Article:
Obesity Paradox in Atrial Fibrillation: Implications for Outcomes and Relationship With Oral Anticoagulant Drugs

Marco Proietti; Giuseppe Boriani


Am J Cardiovasc Drugs. 2020;20(2):125-137. 

In This Article

Abstract and Introduction


In the last 40 years, concern about the obesity epidemic has increased. Data from the current literature highlight a strong relationship between obesity and atrial fibrillation (AF), particularly in relation to an increased risk for incident and recurrent AF. A phenomenon called the "obesity paradox" has emerged: the apparently counterintuitive evidence from epidemiological data indicating that overweight and obese patients may have a better prognosis than healthy-weight patients. A differential impact of oral anticoagulants (OACs) in terms of effectiveness and safety in the various body mass index categories has been postulated, particularly in the comparison between non-vitamin-K antagonist oral anticoagulants and vitamin K antagonists. This review aims to summarize the evidence on the impact of obesity in patients with AF, focusing on descriptions of the obesity paradox and its relationships with OAC treatment.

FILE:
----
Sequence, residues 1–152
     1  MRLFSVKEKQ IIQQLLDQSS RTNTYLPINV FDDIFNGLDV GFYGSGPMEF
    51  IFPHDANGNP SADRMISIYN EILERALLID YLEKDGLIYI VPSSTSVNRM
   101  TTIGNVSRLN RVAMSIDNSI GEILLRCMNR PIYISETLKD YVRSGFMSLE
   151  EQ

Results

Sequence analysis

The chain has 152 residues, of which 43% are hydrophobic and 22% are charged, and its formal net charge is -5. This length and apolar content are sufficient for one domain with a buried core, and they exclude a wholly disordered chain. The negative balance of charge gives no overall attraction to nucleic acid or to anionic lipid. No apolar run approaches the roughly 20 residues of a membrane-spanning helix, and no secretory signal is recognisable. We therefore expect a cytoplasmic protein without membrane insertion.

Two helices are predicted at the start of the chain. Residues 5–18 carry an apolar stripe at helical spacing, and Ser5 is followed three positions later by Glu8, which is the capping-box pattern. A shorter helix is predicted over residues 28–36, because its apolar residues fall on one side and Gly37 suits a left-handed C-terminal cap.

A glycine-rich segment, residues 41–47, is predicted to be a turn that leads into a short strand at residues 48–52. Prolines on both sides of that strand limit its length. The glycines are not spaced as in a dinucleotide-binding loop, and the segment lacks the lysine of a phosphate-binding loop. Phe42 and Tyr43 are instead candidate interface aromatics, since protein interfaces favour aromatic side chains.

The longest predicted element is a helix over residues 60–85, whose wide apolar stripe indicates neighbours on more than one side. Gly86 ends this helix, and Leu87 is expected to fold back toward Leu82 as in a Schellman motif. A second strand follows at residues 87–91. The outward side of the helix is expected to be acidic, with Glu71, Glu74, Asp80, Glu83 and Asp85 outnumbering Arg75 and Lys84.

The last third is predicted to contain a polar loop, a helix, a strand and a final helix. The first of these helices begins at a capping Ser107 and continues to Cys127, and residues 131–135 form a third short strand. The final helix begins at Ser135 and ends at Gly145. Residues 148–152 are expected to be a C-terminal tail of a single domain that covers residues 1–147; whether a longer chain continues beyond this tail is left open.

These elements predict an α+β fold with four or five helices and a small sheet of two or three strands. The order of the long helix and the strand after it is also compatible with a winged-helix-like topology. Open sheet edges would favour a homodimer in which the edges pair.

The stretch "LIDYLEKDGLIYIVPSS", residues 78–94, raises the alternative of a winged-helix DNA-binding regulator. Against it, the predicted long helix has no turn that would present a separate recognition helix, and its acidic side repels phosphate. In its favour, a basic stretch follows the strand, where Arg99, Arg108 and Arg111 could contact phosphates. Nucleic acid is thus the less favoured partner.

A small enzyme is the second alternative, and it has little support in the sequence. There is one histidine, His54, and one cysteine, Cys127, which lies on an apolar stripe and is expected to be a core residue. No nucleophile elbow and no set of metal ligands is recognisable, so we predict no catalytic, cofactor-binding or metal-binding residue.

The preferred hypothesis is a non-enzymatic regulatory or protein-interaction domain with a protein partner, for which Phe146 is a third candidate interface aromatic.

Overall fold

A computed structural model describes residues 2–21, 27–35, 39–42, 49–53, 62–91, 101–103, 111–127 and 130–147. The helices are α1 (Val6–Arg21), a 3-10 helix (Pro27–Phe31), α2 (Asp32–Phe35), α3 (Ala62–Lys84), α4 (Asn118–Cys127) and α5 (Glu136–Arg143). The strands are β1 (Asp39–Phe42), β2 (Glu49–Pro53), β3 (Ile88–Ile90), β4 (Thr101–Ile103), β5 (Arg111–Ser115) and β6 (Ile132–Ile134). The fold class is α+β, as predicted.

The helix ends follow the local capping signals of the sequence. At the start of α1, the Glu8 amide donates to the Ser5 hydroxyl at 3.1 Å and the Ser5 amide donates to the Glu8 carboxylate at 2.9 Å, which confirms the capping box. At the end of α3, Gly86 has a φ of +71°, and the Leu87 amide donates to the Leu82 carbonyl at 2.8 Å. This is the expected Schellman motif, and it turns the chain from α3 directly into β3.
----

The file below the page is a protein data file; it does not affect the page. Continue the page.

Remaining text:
Obesity is well recognized as a major health condition. It currently affects millions of people and is now considered an epidemic. In particular, it has been demonstrated that, in the last 40 years, population body mass index (BMI) has progressively increased, in both adults and children and irrespective of geographic location.[1] Overweight and obesity have been largely recognized as a major risk factor for adverse clinical outcomes, particularly for cardiovascular outcomes.[2,3] This notwithstanding, the complex interplay between overweight/obesity and cardiovascular health is still far from completely understood, particularly regarding their proper assessment and the differential impact of fat distribution patterns.[4]

Obesity is one of the relevant risk factors for the development of atrial fibrillation (AF).[5,6] The relationship between obesity and AF has been established by several studies.[7,8] In particular, in 2008, Wanahita et al.[8] conducted a systematic review and meta-analysis, documenting that obese patients had an increased relative risk of developing AF, with greater risk associated with higher BMI. Since then, further relevant evidence has been accumulated about the strong relationship between obesity and AF.[9]

In recent years, clinical research in the field of obesity studies has revealed the so-called obesity paradox.[10,11] This term relates to the apparently counterintuitive phenomenon wherein obese patients with cardiovascular diseases seem to have a lower risk of short- and long-term adverse events.[10,11] This phenomenon has thus far been described in patients with hypertension, heart failure, coronary artery disease, peripheral artery disease and other cardiovascular and non-cardiovascular conditions.[11] An obesity paradox has also been described for patients with AF.[6]

The aim of this review is to briefly describe the patho-physiological and epidemiological relationship between obesity and AF and to describe the evidence related to the obesity paradox in AF and its relationship with oral anticoagulants (OACs).